Vattenfall, the Swedish energy company, reached an important milestone in its drive towards climate neutrality at the weekend when it drove home the last foundation of what will be, when built, the largest offshore wind farm in the world.
The 100th foundation, or monopile, of the Thanet Offshore Wind Farm was driven into the seabed off the Kent coast at 2.00 pm on Saturday, 23 January. The first monopile was driven into the seabed in March 2009.
Each monopile is a steel cylinder, 4.1 to 4.9 metres in diameter and 50 to 60 metres long. Monopiles on the Thanet Offshore Wind Farm have been sunk between 25 and 30 metres into the English Channel’s seabed and typically weigh 350 to 485 tonnes.
Ole Bigum Nielsen, Head of Offshore Wind with Vattenfall Wind Power in the UK, said: “We are on track to build what will be, when built, the world’s largest offshore wind farm. The foundations work has been an engineering challenge requiring large ocean-going vessels, enormous cranes and more than 40,000 tonnes of steel.
“We have needed 1.25 million hours of work, much of it from local people, to get to this stage and I would like to thank all of the contractors for their sterling efforts since we started foundations work less than 12 months ago.”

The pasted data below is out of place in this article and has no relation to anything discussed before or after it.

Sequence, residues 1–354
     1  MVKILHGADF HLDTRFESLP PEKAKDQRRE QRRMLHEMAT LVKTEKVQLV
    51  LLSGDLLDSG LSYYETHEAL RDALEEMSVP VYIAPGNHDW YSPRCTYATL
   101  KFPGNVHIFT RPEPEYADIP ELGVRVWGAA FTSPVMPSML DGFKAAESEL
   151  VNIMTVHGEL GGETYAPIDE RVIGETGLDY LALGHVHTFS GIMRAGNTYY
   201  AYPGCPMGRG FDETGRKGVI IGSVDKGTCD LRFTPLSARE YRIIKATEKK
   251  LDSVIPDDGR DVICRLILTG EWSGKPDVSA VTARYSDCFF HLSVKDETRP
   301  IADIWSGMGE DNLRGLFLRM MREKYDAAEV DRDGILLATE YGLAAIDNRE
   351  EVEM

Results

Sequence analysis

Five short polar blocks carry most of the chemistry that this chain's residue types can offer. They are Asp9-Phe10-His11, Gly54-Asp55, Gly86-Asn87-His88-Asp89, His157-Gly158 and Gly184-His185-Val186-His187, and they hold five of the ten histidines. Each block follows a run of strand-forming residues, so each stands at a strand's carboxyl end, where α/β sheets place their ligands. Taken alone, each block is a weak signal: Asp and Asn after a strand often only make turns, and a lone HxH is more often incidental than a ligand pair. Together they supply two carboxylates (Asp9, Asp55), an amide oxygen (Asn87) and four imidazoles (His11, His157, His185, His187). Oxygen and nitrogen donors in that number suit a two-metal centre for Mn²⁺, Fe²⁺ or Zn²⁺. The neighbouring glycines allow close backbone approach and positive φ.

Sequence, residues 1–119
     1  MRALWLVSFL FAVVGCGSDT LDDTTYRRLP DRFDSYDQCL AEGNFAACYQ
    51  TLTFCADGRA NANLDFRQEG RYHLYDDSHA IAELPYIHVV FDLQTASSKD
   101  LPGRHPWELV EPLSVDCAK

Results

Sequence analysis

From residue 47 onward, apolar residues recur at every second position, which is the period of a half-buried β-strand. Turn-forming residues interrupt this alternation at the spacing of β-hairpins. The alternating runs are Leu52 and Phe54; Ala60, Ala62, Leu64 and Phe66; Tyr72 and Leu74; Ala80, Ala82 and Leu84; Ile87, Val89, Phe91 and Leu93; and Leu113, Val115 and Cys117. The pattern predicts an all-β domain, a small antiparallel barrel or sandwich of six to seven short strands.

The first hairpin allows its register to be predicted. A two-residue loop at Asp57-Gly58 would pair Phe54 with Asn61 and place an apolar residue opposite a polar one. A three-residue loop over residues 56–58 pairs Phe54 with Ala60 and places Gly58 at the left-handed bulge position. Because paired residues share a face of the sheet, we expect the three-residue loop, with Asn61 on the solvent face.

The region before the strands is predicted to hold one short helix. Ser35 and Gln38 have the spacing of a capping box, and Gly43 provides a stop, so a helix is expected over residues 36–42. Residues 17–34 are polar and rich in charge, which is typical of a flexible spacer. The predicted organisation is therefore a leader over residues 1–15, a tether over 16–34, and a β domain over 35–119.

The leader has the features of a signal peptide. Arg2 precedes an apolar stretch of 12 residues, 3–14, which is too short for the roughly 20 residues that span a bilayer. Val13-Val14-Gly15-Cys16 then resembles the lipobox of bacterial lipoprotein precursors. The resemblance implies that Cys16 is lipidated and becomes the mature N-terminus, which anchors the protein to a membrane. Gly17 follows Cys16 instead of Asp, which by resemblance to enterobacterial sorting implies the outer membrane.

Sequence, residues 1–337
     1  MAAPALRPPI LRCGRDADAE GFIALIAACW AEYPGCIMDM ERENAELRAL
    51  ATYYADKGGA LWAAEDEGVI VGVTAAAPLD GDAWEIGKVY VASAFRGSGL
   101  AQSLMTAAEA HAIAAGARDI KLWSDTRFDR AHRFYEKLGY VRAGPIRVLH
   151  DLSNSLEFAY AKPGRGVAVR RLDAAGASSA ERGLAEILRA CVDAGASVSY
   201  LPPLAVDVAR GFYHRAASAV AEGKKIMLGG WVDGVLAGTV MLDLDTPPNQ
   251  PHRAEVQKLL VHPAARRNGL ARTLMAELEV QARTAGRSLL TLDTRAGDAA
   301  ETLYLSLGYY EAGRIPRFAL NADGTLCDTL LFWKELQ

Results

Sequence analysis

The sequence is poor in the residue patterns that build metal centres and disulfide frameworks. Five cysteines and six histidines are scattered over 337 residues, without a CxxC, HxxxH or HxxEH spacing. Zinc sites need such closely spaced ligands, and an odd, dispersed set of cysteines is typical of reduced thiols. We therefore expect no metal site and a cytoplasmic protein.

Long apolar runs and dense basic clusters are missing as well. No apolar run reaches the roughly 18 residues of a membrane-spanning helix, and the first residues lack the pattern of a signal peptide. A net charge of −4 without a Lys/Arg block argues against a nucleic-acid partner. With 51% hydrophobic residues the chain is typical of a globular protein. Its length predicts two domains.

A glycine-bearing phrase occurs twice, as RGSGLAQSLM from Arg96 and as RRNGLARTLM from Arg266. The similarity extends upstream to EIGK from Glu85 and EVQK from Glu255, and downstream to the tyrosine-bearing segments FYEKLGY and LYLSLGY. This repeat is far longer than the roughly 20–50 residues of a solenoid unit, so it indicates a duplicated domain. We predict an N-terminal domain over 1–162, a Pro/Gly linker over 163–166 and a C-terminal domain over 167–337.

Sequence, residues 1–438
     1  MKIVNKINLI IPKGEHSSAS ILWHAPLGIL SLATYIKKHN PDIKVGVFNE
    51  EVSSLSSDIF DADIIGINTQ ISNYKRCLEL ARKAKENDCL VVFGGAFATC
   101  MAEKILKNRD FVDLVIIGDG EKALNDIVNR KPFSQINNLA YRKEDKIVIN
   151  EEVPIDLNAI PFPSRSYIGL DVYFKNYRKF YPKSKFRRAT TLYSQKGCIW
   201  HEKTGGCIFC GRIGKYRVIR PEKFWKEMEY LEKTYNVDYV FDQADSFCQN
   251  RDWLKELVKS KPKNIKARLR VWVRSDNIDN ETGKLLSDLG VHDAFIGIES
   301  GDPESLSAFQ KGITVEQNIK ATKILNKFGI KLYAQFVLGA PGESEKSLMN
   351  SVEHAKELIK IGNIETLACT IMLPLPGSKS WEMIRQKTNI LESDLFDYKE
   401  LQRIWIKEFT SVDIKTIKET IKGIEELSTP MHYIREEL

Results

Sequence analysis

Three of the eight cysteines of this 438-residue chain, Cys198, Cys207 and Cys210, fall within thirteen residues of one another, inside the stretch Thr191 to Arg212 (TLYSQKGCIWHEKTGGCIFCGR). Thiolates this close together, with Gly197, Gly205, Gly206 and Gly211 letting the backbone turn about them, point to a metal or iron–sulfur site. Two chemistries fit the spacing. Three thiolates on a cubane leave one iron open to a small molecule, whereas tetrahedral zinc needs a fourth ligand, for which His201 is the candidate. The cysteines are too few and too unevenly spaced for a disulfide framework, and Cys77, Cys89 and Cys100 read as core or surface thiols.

The construction of the 300 megawatt (MW) Thanet Offshore Wind Farm, 12 kilometres off Foreness Point, started in early 2009. Currently, 19 Vestas 3MW V90 wind turbines have been erected and 86 transition pieces, which allow the wind turbine to slot into the monopile, have been put in place.
Construction is been co-ordinated from the new operations centre at Ramsgate.
Vattenfall plans to generate electricity for the first time from Thanet Offshore Wind Farm later this year.
Facts about Thanet Offshore Wind Farm
- The connection of Thanet Offshore Wind Farm’s 300MW of capacity in 2010 will boost UK offshore wind capacity by more than 30% and will produce on average enough electricity to supply the equivalent of 240,000 UK homes with clean electricity annually
- The wind farm will be located in water depths of 20-25m and cover an area of 35km2.
- There will be 100 wind turbines
- The nearest turbine will be located approx 12km north east of Foreness Point.
- Each turbine would be up to 115m tall at its highest point, with a minimum clearance above sea level of 22m.
- The distance between turbines would be approximately 500m along rows and 800m between rows.
From Vattenfall’s press department, telephone +46 8 739 50 10